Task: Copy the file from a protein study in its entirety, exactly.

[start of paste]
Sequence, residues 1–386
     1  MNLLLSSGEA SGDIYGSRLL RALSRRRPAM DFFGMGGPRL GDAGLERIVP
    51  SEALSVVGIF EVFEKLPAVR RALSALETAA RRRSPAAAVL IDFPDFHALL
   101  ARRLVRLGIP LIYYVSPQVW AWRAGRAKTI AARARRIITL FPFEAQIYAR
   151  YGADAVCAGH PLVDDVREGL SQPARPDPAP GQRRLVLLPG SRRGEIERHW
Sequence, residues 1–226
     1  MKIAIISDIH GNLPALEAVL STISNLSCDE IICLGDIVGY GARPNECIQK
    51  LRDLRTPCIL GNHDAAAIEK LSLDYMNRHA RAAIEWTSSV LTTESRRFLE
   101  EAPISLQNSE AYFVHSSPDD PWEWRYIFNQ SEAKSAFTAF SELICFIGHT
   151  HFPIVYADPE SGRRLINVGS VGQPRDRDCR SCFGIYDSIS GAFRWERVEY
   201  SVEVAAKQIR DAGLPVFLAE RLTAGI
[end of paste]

Sequence, residues 1–386
     1  MNLLLSSGEA SGDIYGSRLL RALSRRRPAM DFFGMGGPRL GDAGLERIVP
    51  SEALSVVGIF EVFEKLPAVR RALSALETAA RRRSPAAAVL IDFPDFHALL
   101  ARRLVRLGIP LIYYVSPQVW AWRAGRAKTI AARARRIITL FPFEAQIYAR
   151  YGADAVCAGH PLVDDVREGL SQPARPDPAP GQRRLVLLPG SRRGEIERHW
Sequence, residues 1–226
     1  MKIAIISDIH GNLPALEAVL STISNLSCDE IICLGDIVGY GARPNECIQK
    51  LRDLRTPCIL GNHDAAAIEK LSLDYMNRHA RAAIEWTSSV LTTESRRFLE
   101  EAPISLQNSE AYFVHSSPDD PWEWRYIFNQ SEAKSAFTAF SELICFIGHT
   151  HFPIVYADPE SGRRLINVGS VGQPRDRDCR SCFGIYDSIS GAFRWERVEY
   201  SVEVAAKQIR DAGLPVFLAE RLTAGI